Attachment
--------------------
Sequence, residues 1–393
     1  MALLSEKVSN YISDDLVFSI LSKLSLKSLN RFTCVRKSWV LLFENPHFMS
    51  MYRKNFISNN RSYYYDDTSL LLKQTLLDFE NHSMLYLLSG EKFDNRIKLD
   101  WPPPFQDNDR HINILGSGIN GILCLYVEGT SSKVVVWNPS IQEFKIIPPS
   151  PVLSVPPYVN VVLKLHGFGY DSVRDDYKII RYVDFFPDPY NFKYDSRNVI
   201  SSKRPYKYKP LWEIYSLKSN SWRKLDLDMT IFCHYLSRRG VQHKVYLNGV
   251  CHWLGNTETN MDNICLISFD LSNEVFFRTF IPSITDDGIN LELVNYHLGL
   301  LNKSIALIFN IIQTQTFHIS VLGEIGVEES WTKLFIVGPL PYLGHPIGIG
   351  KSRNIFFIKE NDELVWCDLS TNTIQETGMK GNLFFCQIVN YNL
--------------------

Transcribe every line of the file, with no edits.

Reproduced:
Sequence, residues 1–393
     1  MALLSEKVSN YISDDLVFSI LSKLSLKSLN RFTCVRKSWV LLFENPHFMS
    51  MYRKNFISNN RSYYYDDTSL LLKQTLLDFE NHSMLYLLSG EKFDNRIKLD
   101  WPPPFQDNDR HINILGSGIN GILCLYVEGT SSKVVVWNPS IQEFKIIPPS
   151  PVLSVPPYVN VVLKLHGFGY DSVRDDYKII RYVDFFPDPY NFKYDSRNVI
   201  SSKRPYKYKP LWEIYSLKSN SWRKLDLDMT IFCHYLSRRG VQHKVYLNGV
   251  CHWLGNTETN MDNICLISFD LSNEVFFRTF IPSITDDGIN LELVNYHLGL
   301  LNKSIALIFN IIQTQTFHIS VLGEIGVEES WTKLFIVGPL PYLGHPIGIG
   351  KSRNIFFIKE NDELVWCDLS TNTIQETGMK GNLFFCQIVN YNL